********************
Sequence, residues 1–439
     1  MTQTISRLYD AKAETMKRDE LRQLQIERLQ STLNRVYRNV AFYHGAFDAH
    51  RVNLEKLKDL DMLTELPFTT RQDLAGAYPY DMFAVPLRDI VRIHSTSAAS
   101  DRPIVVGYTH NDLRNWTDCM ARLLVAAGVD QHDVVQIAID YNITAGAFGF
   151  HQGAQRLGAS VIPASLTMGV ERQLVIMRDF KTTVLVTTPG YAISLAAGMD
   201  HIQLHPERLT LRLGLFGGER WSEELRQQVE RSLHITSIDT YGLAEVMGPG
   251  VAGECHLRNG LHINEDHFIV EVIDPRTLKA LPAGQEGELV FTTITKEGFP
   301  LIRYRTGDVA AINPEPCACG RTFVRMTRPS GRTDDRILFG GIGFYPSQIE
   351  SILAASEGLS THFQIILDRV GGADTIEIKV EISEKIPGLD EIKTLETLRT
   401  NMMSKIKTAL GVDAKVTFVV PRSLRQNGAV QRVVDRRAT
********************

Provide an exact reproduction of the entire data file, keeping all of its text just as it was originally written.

Sequence, residues 1–439
     1  MTQTISRLYD AKAETMKRDE LRQLQIERLQ STLNRVYRNV AFYHGAFDAH
    51  RVNLEKLKDL DMLTELPFTT RQDLAGAYPY DMFAVPLRDI VRIHSTSAAS
   101  DRPIVVGYTH NDLRNWTDCM ARLLVAAGVD QHDVVQIAID YNITAGAFGF
   151  HQGAQRLGAS VIPASLTMGV ERQLVIMRDF KTTVLVTTPG YAISLAAGMD
   201  HIQLHPERLT LRLGLFGGER WSEELRQQVE RSLHITSIDT YGLAEVMGPG
   251  VAGECHLRNG LHINEDHFIV EVIDPRTLKA LPAGQEGELV FTTITKEGFP
   301  LIRYRTGDVA AINPEPCACG RTFVRMTRPS GRTDDRILFG GIGFYPSQIE
   351  SILAASEGLS THFQIILDRV GGADTIEIKV EISEKIPGLD EIKTLETLRT
   401  NMMSKIKTAL GVDAKVTFVV PRSLRQNGAV QRVVDRRAT